In what has become an annual tradition, I have decided to embark in a third round of the 50 Movies Project. The premise is simple — I have put together a list of 50 movies that I feel I absolutely must see in order to continue my progression as a film lover. With so many films to see, it’s easy to get off track and forget about some of the essentials. This is my way of making sure I watch those that have been on my “must see” list for too long.
Director: Miloš Forman
Writers: Peter Shaffer (original stage play)
Starring: F. Murray Abraham, Tom Hulce, Elizabeth Berridge, Jeffrey Jones
Running Time: 160 minutes
Reason for inclusion: This is considered one of the all-time great music films, and it has appeared on countless lists (and won numerous awards).
Accolades: 53 award nominations with 40 wins, most notably 8 Oscars (including Best Picture), four Golden Globes and four BAFTA Awards, #95 on IMDB Top 250, #53 on AFI’s 100 Years… 100 Movies
For a film named Amadeus, it’s a bit surprising that legendary composer Wolfgang Amadeus Mozart isn’t entirely the focal point of the story. In fact, the film is less of a biopic than it is a tale of jealousy combined with an overwhelming love of music.
The envious party is Antonio Salieri (F. Murray Abraham), a fellow composer who has earned respect as the court composer for Holy Roman Emperor Joseph II (Jeffrey Jones). In the film’s opening scene, we see an elderly Salieri attempting to commit suicide by slitting his throat, all while screaming about how he killed Mozart. His attempt is unsuccessful, and he ends up in an insane asylum. When a Father (Richard Frank) visits him to take his confession, Salieri begins a long-winded spiel recounting his days as a rival of Mozart (Tom Hulce), all of which we see through flashbacks.
Salieri’s recollection mainly covers Mozart’s time in Vienna, essentially the last ten years of the young composer’s life. Salieri’s first glimpse of Mozart is rather amusing, and immediately it shreds any pre-conceived notions about classical artists we might have. Wolfgang (or “Wolfie” as he is later affectionately called) is childish, chasing a busty blonde throughout the palace, eventually even getting down on all fours to pull her out from underneath a table. A unique first impression, that’s for sure.
And then he laughs. Oh, what a laugh. Mozart’s obnoxious, high-pitched giggles catch many of the patrons off-guard. While shrill, his distinct laugh perfectly fits his offbeat demeanor.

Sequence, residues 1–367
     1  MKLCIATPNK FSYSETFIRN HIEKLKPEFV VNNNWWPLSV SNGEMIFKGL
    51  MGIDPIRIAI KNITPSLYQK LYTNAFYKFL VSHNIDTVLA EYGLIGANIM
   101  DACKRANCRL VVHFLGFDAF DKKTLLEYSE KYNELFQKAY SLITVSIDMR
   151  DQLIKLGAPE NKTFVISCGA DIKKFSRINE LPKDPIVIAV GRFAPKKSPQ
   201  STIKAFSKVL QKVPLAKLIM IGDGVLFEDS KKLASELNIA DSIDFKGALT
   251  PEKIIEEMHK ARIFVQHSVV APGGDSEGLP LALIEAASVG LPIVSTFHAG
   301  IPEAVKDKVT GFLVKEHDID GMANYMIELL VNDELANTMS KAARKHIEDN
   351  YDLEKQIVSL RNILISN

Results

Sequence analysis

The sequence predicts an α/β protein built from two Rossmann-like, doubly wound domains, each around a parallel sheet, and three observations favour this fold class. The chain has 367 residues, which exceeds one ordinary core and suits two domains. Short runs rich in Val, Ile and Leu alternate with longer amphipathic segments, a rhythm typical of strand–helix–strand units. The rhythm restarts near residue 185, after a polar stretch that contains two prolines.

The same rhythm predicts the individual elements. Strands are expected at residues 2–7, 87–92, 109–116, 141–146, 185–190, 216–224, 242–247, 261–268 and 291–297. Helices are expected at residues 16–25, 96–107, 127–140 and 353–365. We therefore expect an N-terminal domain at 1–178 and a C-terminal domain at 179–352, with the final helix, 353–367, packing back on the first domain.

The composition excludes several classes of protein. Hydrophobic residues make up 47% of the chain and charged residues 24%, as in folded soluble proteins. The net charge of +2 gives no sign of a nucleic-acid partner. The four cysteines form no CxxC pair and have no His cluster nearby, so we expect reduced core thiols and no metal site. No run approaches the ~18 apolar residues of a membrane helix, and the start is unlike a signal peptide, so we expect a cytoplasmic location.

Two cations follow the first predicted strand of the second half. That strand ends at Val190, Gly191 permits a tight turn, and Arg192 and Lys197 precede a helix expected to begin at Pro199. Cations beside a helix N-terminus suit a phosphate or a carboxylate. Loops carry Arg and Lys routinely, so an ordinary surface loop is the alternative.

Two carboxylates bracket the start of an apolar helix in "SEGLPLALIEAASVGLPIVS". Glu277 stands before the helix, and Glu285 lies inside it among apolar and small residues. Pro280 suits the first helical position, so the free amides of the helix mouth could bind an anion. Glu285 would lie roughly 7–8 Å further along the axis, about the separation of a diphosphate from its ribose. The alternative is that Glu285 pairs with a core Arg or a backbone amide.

In many ways, Mozart’s life is parallel to that of a modern day rock star. He rises to fame, gets married (to the aforementioned blonde, played by Elizabeth Berridge), keeps an unkempt home and then falls into a life of booze and erratic behavior in order to keep up with the pressures of his work. It’s interesting to see that even though the music has changed drastically over the years, the performers really aren’t that different.
The jealousy kicks in when Salieri realizes that he will simply never be as talented as his rival. Mozart is able to come up with bombastic pieces seemingly at whim, not even needing to make adjustments to what he writes down. It doesn’t help that upon hearing one of Salieri’s pieces for the first time, Mozart quickly tweaks it into something far superior, giving it little to no noticeable thought. Also, Salieri is deeply concerned that he will be forgotten throughout history, whereas Mozart will be fondly remembered (he was right — at least until this film came out).
F. Murray Abraham is tremendous as Salieri, and his performance demonstrates the burden of a man so stricken with jealousy that he will do anything to gain satisfaction. His smile as the Emperor yawns during one of Mozart’s extended plays is masterful, and you can’t help but empathize with his pleasure, however misguided it may be. Tom Hulce’s take on Mozart is the perfect complement, as the two men could not be any more different.
Although I enjoyed the focus on the rivalry, I can’t help but wish that we got to learn more about Mozart the man. Early on, shortly after getting married, his wife is shown as being pregnant. Not soon after that, a toddler appears, meant to be their son. No recognition is really given to his son — in fact, we never learn his name. It turns out that Mozart actually had six children, of which two only survived infancy (only the one is ever shown in the film). Perhaps a little more background on Mozart could have been given rather than including a lengthy vaudeville performance near the film’s final act.
Still, minor quibbles aside, Amadeus truly is an impressive piece of filmmaking. The attention to detail is astounding and true to the period, and the performances, especially Abraham’s, are phenomenal. As someone who knows little about classical music, I still found the film to be very engaging. If you enjoy classical music and/or operas, well, you’re bound to *love* this film.